Naw, I don’t work with blue algae (or blue-green algae to be correct). But the red algae and the wee green and brown algae that live inside them are the focus of my experiment here in Antarctica. My work focuses on how these small filamentous green and brown algae, which we call endophytes, affect the growth rates of the red algae in which they live inside. Previously work has been done in Antarctica showing that these filamentous algae grow on the outside of the red algae when there are no herbivores present, but are mainly present inside the algae when herbivores are present. The main herbivores of these algae are small crustaceans called amphipods, which live in the algal canopy here in Antarctica. This is a pretty neat community and different from other comparable near shore communities worldwide. What I want to know is whether small filamentous algae growing inside the algae are detrimental to algal growth.
In order to test for a relationship between growth rates and endophyte infection I have begun an experiment which includes transplanting algae with varying quantities of endophytes and watching them grow over a season. The way we go about this is more complicated than it seems at first glance. First we dive to scout out a location where the species in question is abundant and where we can deploy concrete substrates, onto which the algae will be transplanted. This can be tricky around Palmer Station because much of the coastline can be steep and quickly drop to over one hundred feet, leaving me no shelf on where I can place these structures. Also, algal communities vary with the location, so what you find a lot of at one place may not even be present at another.
After we have found a good location we dive again to deploy the concrete substrates. These concrete squares have threaded stock projecting up at each corner and an eye bolt in the center. The eye bolt is clipped to a cable on a strong metal arm or davit enables the substrate to be carefully lowered into the water to the divers. We attach lift bag is attached to the eye bolt once it hits the water. Lift bags are extremely useful in this situation because in diving, your buoyancy means everything. The air put into the lift bag counteracts the weight of the concrete and allows us to float the heavy object down to our site without exerting too much energy ourselves. All substrates are lowered to the bottom in this fashion and placed in secure, flat areas close to each other so can be found easily. After we bring all the substrates to the bottom we collect over 70 individuals of the species in question. So far we have been able to work with Gymnogongrus turquetti and Myriogramme mangini, which unfortunately these tongue –twister Latin names have no common names. Any suggestions?
All algal collections are brought back into the aquarium building at Palmer Station. They are sorted into groups based on quantity of visible endophytes (low, medium, and high) within their bodies. Selected individuals are weighed and photographed and then placed in a rope attached to a rack with a specific name (nothing like Jimmy, Mack or Buddy, more like 24C). I give the algae names so that I can track the individuals over time and compare photographs and weights after the growing season. This is a long process (brrrrrrr…..) and needs to be done quickly so that the algae get back out into their natural environment as soon as possible. Redeployment includes diving down to the substrates, bolting the racks to the threaded uprights, tightening prefixed nuts, and then tightening the ropes with algae down using zip ties. Not too complex with bare hands but with dry gloves, oh brother! Our first deployment went quite smoothly. We were definitely spoiled.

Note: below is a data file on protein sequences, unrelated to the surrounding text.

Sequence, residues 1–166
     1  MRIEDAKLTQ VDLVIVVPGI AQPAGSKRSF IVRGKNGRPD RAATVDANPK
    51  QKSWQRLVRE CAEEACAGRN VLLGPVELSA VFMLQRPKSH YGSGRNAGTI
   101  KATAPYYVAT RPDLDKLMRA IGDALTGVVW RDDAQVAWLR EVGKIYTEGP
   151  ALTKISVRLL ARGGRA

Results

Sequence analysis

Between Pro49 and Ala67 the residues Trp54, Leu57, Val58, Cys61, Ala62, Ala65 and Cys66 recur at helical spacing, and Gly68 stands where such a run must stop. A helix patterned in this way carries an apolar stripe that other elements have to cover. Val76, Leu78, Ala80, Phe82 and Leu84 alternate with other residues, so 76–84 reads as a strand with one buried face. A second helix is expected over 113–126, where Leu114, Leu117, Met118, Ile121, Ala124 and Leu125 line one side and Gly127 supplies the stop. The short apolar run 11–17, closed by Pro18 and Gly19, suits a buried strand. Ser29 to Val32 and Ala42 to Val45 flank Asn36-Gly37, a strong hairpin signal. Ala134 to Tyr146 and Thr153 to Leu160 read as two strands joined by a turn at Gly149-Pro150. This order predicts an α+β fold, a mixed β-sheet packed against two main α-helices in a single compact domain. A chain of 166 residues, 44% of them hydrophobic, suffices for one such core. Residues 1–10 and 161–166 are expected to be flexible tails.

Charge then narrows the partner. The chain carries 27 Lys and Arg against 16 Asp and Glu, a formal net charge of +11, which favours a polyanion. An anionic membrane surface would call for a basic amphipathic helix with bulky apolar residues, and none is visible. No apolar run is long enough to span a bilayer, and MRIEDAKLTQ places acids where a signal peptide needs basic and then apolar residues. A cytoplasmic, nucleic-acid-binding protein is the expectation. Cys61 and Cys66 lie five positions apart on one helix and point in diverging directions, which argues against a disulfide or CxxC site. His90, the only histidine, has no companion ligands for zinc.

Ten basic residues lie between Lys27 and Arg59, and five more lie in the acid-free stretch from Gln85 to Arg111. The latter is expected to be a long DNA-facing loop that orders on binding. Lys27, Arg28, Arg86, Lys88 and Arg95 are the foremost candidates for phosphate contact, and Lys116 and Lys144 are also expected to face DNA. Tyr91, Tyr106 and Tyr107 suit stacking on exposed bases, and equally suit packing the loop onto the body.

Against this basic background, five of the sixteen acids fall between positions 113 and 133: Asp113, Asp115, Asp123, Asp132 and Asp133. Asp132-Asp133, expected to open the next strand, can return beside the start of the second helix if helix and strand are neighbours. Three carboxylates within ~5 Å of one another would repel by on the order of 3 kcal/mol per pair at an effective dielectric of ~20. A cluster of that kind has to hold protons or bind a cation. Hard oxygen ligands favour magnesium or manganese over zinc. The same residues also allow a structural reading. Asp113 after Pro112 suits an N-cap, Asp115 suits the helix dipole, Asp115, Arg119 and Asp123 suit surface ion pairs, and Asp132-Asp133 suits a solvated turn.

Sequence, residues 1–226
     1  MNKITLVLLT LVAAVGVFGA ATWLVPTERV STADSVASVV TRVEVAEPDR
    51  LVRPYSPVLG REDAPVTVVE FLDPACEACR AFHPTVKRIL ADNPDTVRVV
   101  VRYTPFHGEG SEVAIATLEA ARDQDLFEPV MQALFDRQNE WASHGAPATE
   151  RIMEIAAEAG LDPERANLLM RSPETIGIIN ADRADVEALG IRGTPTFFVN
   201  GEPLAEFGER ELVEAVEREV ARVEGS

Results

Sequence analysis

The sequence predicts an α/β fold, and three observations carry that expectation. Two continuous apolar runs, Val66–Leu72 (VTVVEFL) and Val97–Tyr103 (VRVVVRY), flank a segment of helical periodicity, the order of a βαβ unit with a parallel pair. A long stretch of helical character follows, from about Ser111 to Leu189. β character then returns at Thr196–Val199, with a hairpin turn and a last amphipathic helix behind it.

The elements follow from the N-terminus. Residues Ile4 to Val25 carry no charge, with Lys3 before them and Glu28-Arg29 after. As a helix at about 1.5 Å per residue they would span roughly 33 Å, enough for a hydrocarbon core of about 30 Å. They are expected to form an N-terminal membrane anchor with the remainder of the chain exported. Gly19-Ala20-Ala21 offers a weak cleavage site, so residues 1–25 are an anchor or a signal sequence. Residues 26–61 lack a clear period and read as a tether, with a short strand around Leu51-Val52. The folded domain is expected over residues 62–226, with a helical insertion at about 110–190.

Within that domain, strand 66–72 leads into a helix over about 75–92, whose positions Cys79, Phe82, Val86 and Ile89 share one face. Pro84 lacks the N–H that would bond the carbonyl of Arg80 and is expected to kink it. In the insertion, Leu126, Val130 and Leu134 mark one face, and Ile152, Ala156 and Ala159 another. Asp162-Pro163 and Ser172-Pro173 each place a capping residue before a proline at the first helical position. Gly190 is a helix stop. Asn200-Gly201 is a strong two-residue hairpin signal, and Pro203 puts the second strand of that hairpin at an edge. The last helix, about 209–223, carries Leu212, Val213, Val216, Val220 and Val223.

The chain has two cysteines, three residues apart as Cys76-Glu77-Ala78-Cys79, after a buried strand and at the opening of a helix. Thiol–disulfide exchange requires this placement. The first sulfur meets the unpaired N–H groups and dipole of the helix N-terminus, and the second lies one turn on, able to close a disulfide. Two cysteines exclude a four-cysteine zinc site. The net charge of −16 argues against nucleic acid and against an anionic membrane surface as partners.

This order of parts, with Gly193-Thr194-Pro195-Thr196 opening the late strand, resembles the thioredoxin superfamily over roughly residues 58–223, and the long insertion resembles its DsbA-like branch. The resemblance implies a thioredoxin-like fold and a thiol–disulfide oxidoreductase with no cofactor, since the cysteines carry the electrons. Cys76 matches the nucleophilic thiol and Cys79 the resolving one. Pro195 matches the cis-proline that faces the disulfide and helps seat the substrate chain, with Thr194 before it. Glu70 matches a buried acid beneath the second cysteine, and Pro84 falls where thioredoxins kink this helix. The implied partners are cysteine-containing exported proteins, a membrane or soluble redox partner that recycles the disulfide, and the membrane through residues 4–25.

My first site is near the shipwrecked Bahia Paraiso, right in front of Palmer Station. My substrates are around forty feet deep, and the most abundant algae found here is G. turquetti. My second site is on the south side of Norsel Point, along the western wall of a small cove. This is a ‘wall’ dive generally, but there is a small shelf between twenty and thirty feet where I placed my substrates. This cove is replete with M. mangini, but is also frequented by a large leopard seal. The day Chuck and I put out the substrates we were at our safety stop when the seal alarm went off. Except, since we were so shallow instead of using the piercing siren alarm the tenders used the engine as an alarm. I was not too scared but I definitely bolted to the boat after hearing it which annoyed my buddy Chuck (he wears one more layer of hoods for insulation on his head than I do and doesn’t hear quite as well as I do under water; he was not aware of the recall - oops). My tender Jim says I’ve never gotten out of the water so fast. The next day we tried to deploy all the racks with my algae on them. We put in two and were working on our third rack when the real alarm went off. Holy moly, that thing is bone-harrowing and loud, quite different from a revving engine. I have to say that I was cold while diving that day, but I immediately warmed up when I heard that siren. We had to go back the next day to put out the last two racks of algae which took two dives because of a glove leak (brrrrrr again) and rougher conditions. Field manipulations are never as easy as they seem.
I hope to find and complete my next site shortly and then we will begin bringing in racks for reweighing and photographing soon after. This project seemed quite a bit simpler before we began deployment, but it has been gratifying to start this work and begin analyzing the weights and photographs. I am ready and rested for site number three.